Previous research indicates that people respond fastest when the motor response is (spatially, functionally, anatomically, or otherwise) congruent to the visual stimulus. This effect, called ideomotor compatibility, is thought to be expressed in motor areas. Congruence occurs when the stimulus and response share some dimensions in their internal representations. If the ideomotor compatibility hypothesis were true, we would expect facilitation when right hand stimuli are presented to the left hemisphere, or left hand stimuli are presented to the right hemisphere. To address this issue, we conducted a simple reaction time experiment with lateralized targets. Participants were instructed to press a button as soon as a target was observed. The target stimulus was a left hand, a right hand, or a neutral control. Each hemisphere showed faster responses to contralateral hand stimuli as compared with ipsilateral hand stimuli, consistent with the ideomotor compatibility hypothesis. The results support an automatic and implicit processing of visual stimuli within motor representations even when no recognition of, or decision about, the stimulus is necessary.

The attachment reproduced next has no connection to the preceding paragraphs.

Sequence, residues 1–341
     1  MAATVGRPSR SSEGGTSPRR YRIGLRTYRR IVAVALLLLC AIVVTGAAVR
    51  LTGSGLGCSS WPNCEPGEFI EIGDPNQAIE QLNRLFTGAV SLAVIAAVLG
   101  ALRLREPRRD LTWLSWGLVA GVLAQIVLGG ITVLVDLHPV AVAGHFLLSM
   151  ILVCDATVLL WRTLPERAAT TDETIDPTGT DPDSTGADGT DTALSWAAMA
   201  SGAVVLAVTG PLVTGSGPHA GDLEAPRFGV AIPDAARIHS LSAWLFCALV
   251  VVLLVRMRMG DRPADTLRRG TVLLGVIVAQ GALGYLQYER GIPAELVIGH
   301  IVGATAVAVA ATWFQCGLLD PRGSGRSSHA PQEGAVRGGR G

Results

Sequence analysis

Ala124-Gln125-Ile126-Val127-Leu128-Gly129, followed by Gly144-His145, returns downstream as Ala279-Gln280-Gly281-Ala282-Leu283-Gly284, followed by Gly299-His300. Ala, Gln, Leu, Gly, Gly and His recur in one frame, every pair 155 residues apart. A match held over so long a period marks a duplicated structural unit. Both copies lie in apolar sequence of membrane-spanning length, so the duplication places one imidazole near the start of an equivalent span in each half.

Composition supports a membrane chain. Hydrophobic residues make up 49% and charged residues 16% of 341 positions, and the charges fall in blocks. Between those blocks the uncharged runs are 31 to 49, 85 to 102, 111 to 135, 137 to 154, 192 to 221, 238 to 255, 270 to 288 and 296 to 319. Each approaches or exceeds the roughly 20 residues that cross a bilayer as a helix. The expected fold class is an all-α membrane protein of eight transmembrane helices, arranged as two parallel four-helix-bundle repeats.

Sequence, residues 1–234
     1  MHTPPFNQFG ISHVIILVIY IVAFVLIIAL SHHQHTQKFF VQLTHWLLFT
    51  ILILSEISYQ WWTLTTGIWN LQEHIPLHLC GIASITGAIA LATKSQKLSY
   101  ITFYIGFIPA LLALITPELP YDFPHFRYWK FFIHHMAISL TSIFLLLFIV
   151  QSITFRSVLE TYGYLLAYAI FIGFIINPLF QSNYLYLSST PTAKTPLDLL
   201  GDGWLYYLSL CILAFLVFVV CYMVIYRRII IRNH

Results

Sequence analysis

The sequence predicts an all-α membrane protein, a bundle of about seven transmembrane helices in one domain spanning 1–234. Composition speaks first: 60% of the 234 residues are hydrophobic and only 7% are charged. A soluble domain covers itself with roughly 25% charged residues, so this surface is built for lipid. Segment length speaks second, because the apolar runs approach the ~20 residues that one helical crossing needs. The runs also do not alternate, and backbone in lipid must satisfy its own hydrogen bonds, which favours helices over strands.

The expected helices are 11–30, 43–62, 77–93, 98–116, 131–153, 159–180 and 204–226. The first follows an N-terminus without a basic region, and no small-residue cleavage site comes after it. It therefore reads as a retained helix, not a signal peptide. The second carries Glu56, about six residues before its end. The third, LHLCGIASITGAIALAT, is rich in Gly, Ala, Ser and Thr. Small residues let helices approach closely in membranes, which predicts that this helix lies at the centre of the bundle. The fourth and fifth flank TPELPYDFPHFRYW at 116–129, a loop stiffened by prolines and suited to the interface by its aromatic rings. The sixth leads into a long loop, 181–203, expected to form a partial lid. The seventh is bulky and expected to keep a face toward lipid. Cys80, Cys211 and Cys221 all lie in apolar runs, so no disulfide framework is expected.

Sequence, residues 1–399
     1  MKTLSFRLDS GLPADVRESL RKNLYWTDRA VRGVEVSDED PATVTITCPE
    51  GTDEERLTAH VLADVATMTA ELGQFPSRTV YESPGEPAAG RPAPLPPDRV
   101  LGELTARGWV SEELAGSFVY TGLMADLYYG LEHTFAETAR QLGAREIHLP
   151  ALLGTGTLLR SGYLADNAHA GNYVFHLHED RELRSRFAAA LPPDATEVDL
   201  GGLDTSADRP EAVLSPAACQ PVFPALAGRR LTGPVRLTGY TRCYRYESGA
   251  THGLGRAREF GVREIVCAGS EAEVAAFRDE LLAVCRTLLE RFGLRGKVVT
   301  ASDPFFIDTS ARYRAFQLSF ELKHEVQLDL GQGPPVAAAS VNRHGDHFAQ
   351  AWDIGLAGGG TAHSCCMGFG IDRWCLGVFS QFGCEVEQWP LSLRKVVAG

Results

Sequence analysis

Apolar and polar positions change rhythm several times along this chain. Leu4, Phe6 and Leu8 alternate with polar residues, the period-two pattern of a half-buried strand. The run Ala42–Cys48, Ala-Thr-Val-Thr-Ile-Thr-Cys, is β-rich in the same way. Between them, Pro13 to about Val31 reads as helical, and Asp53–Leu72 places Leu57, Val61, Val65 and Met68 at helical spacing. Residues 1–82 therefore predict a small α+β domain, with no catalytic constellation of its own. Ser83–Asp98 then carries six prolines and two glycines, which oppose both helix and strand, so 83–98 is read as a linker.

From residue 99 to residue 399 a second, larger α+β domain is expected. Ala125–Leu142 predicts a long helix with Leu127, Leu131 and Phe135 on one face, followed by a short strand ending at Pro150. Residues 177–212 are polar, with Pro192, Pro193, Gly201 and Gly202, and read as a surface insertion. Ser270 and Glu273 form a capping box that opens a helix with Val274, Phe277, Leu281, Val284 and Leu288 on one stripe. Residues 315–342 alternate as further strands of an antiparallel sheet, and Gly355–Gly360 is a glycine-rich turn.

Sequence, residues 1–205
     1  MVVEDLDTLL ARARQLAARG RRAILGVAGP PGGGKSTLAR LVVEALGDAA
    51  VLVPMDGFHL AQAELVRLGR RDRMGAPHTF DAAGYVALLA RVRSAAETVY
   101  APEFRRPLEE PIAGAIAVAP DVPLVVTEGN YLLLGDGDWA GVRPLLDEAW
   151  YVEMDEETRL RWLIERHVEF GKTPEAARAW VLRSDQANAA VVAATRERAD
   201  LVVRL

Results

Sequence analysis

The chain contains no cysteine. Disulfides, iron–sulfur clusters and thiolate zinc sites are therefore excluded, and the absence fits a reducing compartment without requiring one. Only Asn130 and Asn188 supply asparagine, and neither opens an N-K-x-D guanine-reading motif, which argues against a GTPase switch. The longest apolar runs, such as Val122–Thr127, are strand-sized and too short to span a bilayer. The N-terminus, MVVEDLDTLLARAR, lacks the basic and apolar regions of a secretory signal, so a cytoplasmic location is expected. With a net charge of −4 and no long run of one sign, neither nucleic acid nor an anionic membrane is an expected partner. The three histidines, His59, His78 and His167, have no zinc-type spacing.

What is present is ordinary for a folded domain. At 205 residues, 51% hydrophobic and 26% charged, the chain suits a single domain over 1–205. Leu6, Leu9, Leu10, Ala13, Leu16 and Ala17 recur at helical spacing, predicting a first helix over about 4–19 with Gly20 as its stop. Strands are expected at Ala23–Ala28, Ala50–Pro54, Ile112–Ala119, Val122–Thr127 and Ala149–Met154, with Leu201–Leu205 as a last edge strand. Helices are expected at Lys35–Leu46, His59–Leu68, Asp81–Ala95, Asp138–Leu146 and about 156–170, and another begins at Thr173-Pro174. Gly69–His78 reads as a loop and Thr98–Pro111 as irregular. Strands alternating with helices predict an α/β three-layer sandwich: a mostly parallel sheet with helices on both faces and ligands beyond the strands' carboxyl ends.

Body observation Sensory-motor integration Hemispheres Laterality Motor representation Ideomotor compatibility Perception-action
Left visual field
Right visual field
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We thank Ian Gizer and Eric Mooshagian for their assistance with this study. We also thank two anonymous reviewers for their useful comments on this manuscript. This work was supported by NIH grant NS20187.
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